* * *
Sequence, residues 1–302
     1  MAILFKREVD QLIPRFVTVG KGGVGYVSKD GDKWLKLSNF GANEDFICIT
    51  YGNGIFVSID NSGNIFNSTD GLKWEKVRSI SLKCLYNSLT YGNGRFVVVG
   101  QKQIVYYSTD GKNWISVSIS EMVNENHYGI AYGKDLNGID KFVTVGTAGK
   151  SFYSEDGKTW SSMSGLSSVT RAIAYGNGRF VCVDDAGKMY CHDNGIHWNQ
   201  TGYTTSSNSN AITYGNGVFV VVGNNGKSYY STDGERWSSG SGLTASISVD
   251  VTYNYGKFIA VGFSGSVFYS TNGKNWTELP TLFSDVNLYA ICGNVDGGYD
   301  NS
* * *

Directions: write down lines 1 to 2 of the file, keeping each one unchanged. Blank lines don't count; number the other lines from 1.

Sequence, residues 1–302
     1  MAILFKREVD QLIPRFVTVG KGGVGYVSKD GDKWLKLSNF GANEDFICIT